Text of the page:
Friday, 2 August 2013

Newsletter Issue 238, August 2013

Sam Young Newsletter

Issue 238, August 2013
Hi guys,
When it comes to Email, are you a Luddite or an acolyte? Or do you love to hate it? Read Email: Luddite vs Acolyte below.
When we hire, are we really hiring people with tools that are  Accurate Performance Predictors? Read on below. 
Don't forget, if you want to be taken off my mailing list, click here to send me a reply e-mail and I will remove your name.

Email: Luddite vs Acolyte

I read an interesting post about companies giving up email (Edmond, 29 July 2013). "Really?", I thought, so I read on. The CEO in question headed up a volunteer sports organisation in Australia, and has chopped his, and his employees time back to next to nothing by making people go and talk to each other. Apparently 66% of his company emails were in staff emailing each other.
All very well if the people you need to talk to are in the same office - even the same building - at the same time, on the same day. But even then, I would say that if you are directing someone to a website, it is more efficient to post a clickable link than to go and tell them what the link is, letter by letter (that's even providing you can remember it).
Yes, we must ensure that we remember to have real conversations. However, I think we can do the mundane things, and the tasks that need to be ticked off, via email, not matter how close we are.
And where does that leave the customers of the sports organisation? Will they telephone each one individually to tell them of their decisions? Can anyone afford that amount of time or resource these days? I would suspect not. So I would imagine that their customer emails will stay exactly the same.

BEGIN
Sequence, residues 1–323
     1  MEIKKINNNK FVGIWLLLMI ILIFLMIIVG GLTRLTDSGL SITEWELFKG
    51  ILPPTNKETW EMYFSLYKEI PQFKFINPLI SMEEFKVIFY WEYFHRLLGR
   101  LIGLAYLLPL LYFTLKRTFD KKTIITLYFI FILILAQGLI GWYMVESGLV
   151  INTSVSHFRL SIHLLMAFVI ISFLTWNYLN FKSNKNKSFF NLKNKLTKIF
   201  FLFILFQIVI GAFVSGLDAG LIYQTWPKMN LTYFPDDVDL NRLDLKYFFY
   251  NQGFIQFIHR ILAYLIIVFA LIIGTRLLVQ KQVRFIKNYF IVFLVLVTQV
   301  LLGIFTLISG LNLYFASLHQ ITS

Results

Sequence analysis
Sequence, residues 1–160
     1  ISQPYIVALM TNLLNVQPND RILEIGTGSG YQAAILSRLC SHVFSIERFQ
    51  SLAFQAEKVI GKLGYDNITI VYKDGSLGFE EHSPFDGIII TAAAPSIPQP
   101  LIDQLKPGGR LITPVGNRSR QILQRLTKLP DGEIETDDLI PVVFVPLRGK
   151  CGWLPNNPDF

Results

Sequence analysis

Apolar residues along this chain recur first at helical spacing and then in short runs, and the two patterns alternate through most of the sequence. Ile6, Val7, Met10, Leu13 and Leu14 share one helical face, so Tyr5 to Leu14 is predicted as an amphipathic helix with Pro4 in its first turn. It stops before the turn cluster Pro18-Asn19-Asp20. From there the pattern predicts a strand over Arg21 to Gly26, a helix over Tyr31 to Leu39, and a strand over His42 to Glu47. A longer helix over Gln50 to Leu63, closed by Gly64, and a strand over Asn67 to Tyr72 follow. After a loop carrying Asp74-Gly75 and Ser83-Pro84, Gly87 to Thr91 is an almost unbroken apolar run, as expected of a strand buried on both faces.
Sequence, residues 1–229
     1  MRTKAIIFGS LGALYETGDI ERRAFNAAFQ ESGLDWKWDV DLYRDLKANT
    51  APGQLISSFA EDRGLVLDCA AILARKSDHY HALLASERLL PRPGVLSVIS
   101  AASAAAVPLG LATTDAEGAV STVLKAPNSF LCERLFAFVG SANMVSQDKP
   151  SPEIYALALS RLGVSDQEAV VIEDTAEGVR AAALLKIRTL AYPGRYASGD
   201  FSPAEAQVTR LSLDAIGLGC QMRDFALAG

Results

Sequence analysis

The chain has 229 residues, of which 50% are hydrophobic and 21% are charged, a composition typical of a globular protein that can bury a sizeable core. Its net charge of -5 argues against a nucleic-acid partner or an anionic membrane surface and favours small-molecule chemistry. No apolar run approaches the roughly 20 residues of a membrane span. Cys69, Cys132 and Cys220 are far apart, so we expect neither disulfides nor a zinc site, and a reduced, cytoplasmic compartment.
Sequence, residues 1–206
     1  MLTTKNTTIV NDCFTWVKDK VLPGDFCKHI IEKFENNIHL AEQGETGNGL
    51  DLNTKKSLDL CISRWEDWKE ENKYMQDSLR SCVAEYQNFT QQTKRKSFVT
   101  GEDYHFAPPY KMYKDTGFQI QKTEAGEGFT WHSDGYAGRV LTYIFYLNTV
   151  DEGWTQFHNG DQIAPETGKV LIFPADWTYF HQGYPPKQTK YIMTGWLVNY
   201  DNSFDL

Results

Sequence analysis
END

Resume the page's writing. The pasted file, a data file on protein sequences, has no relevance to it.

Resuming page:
While it has some merit in principle, in general I disagree with the views presented in Cameron's article. Email is a communication tool of the present, it helps us be more productive, providing we use it consciously and judiciously.
Perhaps the Australian company needed to put some thought into how and when they should use email, then invest in some training so everyone got the same message. I feel they are in limiting themselves and are in serious danger of throwing out the baby with the bathwater.
In my view, productivity comes down to good planning, and from making decisions yourself about being available or unavailable. As I work from home three days a week, and live way out in the country with no landline (would cost $10k to put it on), and a cellphone that only works outside, I can tell you that I couldn't chose to live my life as I do without email and Skype. 
If it is raining, email & Skype are my only connection tools, because I am not going to stand outside in the rain to talk to people if I can do it comfortably inside on the PC. Most of what I do is face to face as a lecturer and consultant in careers and management.